The last blog post
dealt with our recent research on visualizing malware behavior. Now a quick update on the thread graphs
we generate for visualizing malware behavior: since tree maps display nothing about the sequence of operations, we use another presentation format to visualize the temporal behavior of the individual threads of a sample. A thread graph can be regarded as a behavioral ﬁngerprint of the sample that represents the temporal order of executed system commands and the different threads spawned by a binary. The x-axis represents the time (sequence of performed actions), while the y-axis indicates the operation/section of the performed action. An analyst can then study this behavior graph to quickly learn more about the actions of each individual thread.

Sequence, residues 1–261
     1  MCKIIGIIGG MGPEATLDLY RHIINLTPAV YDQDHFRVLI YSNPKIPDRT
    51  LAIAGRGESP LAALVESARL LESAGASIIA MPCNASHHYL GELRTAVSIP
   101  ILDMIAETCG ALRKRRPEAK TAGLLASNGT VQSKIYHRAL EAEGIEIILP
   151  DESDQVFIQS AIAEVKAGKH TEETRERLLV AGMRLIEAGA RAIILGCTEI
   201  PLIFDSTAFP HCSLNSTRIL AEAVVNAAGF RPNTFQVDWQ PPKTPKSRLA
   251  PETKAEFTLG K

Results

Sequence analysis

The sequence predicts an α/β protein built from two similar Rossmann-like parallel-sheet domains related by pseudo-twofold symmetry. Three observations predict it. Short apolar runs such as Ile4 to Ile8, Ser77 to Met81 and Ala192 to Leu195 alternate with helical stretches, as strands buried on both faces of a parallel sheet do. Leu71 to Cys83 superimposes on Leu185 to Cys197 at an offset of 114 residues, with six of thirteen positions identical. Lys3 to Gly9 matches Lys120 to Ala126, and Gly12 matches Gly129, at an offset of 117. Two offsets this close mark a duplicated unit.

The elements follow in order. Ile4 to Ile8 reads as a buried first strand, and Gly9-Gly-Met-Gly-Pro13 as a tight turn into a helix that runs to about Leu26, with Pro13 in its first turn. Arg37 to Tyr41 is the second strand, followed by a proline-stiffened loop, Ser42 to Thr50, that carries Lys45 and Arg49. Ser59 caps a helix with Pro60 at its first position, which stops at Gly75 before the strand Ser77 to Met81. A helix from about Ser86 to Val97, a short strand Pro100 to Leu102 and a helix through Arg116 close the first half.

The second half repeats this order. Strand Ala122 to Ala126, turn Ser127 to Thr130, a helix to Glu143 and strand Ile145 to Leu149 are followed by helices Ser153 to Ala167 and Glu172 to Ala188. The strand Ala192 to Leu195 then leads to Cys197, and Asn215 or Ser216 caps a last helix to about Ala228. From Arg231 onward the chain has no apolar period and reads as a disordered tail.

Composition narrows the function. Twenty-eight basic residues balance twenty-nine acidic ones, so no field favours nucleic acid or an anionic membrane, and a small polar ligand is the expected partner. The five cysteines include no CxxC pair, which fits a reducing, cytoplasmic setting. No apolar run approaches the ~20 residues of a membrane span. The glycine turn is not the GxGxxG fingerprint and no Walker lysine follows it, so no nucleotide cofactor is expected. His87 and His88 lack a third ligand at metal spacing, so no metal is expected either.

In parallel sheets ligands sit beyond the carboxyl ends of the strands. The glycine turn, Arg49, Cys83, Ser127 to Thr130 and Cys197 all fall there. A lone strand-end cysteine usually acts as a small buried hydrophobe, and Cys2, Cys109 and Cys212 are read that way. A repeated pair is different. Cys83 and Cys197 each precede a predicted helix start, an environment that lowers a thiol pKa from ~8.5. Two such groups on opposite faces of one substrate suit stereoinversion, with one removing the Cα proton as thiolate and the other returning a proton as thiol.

The following two pictures show examples of this kind of visualization:
On the left hand picture, we can see that one thread is responsible for the majority of operations for the sample. This thread performs many registry operations and initially performs many network- and system-related operations (operations 90-140). Additionally, two more threads are spawned, but they perform only a limited amount of operations during the analysis phase. The thread graph for the malware sample on the right side is completely different and an analyst can get a quick overview of what actions a given samples performs.